In a values-based organization like a church, your fundraisers should do more than bring in money! They should teach your values.
This is why last year, I chose to partner with Monks’ Bread for a fundraiser to pay for rolling shelves for our Catechesis of the Good Shepherd Level 1 atrium.
We bought this:
To pay for these rolling shelves and carts:
Here are some tips and lessons for meeting the “triple bottom line” with your Monks’ Bread fundraiser:
- People: Engage your community (in prayer!)
- Profit: Inspire generosity to meet your fundraising goals
- Planet: Use an ethical fundraising source
1. ENGAGE YOUR COMMUNITY IN PRAYER
One of the great reasons to buy from a monastery (or convent, hermitage, or abbeys) is that you are supporting a community committed to daily contemplative prayer.
But you don’t reap the rewards of prayer only by asking someone else to pray for you! Let it be a learning experience for your community as well.
This first year, I kicked off our fundraiser by:
- Speaking at Mass about the fundraiser and its benefits for the kids,
- Providing info in the bulletin about Monks’ Bread, and
- Staying after Mass with samples for folks to try, since many had never tasted Monks’ Bread products before.
This coming year, I want to add videos and prayer to a more fleshed-out kick-off event, to turn it into a fuller learning experience. I also want to invite members of the greater community to attend (our village neighbors, and other Catholic parishes):
Instead of paying for shipping, I had a last-minute chance to fill a space on a silent retreat to the Abbey of the Genessee, and drove back the three hours with my heart full of song and my trunk full of boxes.
Multiple folks asked me if they could come with me on retreat next year.
Our fundraiser is evolving into a pilgrimage!
Even sitting in the chapel for a half hour of prayer, doing no more than listening, can be a transformative and healing experience. As a calligrapher, I also spent my time between the scheduled prayers to copy letters out of the beautiful Abbey Psalter and make my own Bible bookmarks.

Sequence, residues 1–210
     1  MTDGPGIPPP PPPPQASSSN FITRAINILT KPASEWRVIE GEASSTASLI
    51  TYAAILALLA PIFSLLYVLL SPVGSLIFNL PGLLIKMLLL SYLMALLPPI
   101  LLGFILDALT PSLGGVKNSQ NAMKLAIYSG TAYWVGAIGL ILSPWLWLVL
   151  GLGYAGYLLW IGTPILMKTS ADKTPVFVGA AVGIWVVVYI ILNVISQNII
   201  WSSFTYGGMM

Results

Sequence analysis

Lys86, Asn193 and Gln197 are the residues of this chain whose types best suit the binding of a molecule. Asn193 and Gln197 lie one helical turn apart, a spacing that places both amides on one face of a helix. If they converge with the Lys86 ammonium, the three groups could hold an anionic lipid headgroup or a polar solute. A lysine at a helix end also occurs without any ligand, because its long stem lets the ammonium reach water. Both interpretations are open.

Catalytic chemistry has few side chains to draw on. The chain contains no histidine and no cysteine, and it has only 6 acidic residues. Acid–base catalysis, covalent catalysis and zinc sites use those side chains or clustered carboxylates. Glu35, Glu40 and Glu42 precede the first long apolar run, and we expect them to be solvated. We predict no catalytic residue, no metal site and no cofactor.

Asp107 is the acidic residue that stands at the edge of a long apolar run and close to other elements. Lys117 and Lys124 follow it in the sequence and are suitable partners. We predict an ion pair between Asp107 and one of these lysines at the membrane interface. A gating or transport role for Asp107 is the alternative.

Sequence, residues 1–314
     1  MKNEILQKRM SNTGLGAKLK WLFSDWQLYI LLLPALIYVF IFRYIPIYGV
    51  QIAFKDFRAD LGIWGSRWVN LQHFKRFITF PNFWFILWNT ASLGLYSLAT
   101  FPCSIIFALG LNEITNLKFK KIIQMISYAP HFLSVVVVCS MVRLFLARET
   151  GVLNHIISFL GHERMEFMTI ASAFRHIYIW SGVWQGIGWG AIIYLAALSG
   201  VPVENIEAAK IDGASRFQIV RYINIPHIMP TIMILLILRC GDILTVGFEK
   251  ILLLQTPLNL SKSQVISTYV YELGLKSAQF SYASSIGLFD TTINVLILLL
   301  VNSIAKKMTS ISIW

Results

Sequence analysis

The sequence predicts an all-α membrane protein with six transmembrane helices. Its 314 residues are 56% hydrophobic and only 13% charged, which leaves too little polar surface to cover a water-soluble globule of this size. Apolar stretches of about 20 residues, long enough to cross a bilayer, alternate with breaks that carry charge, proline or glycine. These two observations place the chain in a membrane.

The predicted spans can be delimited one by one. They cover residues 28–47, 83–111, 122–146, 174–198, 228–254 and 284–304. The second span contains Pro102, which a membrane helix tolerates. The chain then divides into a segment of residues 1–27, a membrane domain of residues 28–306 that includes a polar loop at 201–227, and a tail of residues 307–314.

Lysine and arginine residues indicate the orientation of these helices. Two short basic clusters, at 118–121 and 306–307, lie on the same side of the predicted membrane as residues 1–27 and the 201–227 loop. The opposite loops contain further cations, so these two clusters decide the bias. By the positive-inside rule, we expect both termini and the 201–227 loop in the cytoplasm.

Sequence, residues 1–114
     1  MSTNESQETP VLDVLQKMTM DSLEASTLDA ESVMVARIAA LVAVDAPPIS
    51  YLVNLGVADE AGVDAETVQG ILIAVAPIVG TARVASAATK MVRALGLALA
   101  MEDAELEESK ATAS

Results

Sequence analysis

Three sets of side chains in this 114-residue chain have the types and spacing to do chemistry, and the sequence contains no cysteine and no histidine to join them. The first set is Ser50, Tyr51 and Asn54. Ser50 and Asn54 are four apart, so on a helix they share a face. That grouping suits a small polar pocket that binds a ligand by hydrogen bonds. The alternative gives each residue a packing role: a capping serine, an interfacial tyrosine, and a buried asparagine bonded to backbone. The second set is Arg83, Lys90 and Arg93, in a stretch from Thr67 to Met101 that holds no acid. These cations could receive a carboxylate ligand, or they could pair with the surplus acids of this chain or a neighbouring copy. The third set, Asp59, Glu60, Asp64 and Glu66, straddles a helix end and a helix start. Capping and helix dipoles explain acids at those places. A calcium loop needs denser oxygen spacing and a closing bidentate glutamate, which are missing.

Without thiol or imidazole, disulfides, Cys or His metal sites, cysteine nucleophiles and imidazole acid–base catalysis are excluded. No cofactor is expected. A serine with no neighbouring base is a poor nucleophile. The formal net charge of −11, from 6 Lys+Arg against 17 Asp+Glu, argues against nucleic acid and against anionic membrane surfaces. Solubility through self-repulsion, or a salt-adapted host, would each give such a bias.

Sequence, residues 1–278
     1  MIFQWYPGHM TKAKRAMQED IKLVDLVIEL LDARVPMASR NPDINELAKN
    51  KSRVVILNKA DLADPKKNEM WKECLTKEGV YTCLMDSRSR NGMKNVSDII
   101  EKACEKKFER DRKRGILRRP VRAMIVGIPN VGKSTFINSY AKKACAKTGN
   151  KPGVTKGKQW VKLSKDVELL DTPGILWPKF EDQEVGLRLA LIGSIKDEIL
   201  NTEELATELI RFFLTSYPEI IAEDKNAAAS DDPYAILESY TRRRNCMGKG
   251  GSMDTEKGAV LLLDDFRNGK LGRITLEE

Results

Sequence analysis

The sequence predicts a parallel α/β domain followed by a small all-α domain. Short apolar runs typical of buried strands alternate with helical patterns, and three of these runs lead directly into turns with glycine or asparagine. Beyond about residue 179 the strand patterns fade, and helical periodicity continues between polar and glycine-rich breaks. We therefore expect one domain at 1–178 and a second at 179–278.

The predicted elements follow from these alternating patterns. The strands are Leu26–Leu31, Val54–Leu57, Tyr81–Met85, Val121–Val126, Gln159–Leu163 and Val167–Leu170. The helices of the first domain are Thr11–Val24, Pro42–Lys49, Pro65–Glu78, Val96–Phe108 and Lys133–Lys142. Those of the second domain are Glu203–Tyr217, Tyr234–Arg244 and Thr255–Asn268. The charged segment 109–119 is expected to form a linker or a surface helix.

2. INSPIRE GENEROSITY TO MEET YOUR FUNDRAISING GOALS
Our Financial Goal: Raise $750 for rolling shelves and carts for our Catechesis of the Good Shepherd Level 1 atrium.
Our setting is a small town Catholic church in Northeast Ohio. With only about 200 in attendance per weekend (which makes our sanctuary feel full), I didn’t depend on selling Monks’ Bread alone to make the full amount.
I distributed lots of PAPER to make this happen:
- Kick off: Monks’ Bread order forms (in the bulletin one weekend, in the back of church, at the parish office, and our CCD/CGS/Sunday School program).
- Towards the end: Items left on our IKEA registry to meet our goals. We also let folks just donate cash, which brought in the last $100.
- Afterwards: Handwritten thank you cards, with help from our preschoolers and teen helpers.
Details on the finances: The Monks’ Bread fundraisers requires a minimum $200 of product at wholesale price, then you set your “retail mark up” (I used the prices on their website, about 40-50% for your org). You may have to add shipping on top of that.